(Source : Wired – Will Knight) – AI Could Enable ‘Swarm Warfare’ for Tomorrow’s Fighter Jets
A Pentagon project is testing scenarios involving multiple aircraft that could change the dynamics of air combat.
THE DOGFIGHT HARDLY seemed fair.
Two F-16s engaged with an opposing F-16 at an altitude of 16,000 feet above rocky desert terrain. As the aircraft converged from opposite directions, the paired F-16s suddenly spun away from one another, forcing their foe to choose one to pursue. The F-16 that had been left alone then quickly changed course, maneuvering behind the enemy with textbook precision. A few seconds later, it launched a missile that destroyed the opposing jet before it could react.
The battle took place last month in a computer simulator. Here’s what made it special: all three aircraft were controlled by artificial intelligence algorithms. Those algorithms had learned how to react and perform aerial maneuvers partly through a state-of-the-art AI technique that involves testing different approaches thousands of times and seeing which work best.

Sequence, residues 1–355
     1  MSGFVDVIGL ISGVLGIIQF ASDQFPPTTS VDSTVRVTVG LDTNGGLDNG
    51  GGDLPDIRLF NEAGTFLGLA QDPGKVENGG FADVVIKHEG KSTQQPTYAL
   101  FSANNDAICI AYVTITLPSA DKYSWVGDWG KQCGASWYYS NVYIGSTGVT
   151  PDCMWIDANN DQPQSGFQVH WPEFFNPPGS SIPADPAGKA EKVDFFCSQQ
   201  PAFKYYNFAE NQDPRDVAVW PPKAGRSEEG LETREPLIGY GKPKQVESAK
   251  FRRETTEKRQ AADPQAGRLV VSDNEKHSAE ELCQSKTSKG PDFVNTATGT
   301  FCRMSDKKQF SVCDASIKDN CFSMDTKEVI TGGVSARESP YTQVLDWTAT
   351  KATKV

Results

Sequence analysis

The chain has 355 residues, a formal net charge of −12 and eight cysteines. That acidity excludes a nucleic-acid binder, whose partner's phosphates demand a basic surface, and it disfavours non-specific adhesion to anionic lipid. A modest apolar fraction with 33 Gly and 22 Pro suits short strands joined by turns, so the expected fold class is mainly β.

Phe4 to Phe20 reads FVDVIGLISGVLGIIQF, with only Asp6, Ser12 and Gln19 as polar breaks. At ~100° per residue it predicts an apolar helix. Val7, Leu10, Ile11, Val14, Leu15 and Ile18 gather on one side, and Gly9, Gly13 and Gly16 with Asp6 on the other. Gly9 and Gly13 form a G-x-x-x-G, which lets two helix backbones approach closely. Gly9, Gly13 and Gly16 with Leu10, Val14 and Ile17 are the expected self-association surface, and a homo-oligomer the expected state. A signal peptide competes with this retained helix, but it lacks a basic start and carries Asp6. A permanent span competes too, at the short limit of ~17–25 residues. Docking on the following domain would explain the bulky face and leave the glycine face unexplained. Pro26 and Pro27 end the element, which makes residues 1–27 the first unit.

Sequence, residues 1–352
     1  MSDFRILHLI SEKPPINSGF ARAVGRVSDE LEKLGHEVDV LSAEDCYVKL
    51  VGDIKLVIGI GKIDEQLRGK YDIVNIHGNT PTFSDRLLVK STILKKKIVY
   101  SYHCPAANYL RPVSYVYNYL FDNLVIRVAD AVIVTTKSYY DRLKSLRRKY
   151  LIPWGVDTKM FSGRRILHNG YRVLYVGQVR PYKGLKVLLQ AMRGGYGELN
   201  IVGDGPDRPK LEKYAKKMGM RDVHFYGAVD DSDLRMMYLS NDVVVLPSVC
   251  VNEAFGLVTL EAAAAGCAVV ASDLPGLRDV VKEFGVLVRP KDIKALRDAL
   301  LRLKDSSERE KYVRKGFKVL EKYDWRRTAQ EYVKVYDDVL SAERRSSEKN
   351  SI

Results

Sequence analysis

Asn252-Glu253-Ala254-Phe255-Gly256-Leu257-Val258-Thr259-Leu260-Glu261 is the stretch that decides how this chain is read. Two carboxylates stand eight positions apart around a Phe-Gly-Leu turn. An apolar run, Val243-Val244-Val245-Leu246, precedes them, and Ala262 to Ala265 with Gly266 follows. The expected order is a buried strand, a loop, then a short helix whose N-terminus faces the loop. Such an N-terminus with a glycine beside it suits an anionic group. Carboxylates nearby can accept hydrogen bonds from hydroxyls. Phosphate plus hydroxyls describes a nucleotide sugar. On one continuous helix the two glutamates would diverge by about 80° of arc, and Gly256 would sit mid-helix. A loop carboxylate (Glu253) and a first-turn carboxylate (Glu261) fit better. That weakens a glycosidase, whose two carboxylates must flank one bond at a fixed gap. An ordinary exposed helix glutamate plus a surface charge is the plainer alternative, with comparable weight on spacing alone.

The three-way battle offers a glimpse of how AI may control future fighter jets—and the likely challenges of deploying the technology.
The Pentagon is interested. Last March, its Defense Advanced Research Projects Agency (DARPA) invited teams to develop AI systems capable of controlling fighter jets in aerial combat situations that exceed human abilities, including scenarios involving several aircraft. AI could allow multiple aircraft to “swarm” together in ways that could change the dynamics of air combat.
“One of the things that really stands out is the ability to enable what you would call swarm warfare—rapidly overwhelming opponents,” says Chris Gentile, an ex–Air Force fighter pilot who is a program manager at EpiSci, a military contractor that is developing the technology for the contest, dubbed Air Combat Evolution. He says pilots may someday tell an AI program to scan an area or take care of one adversary while the pilot engages with another. The instructions would be the equivalent of “cover me, basically,” Gentile says. (…)
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Photo © video below, DARPA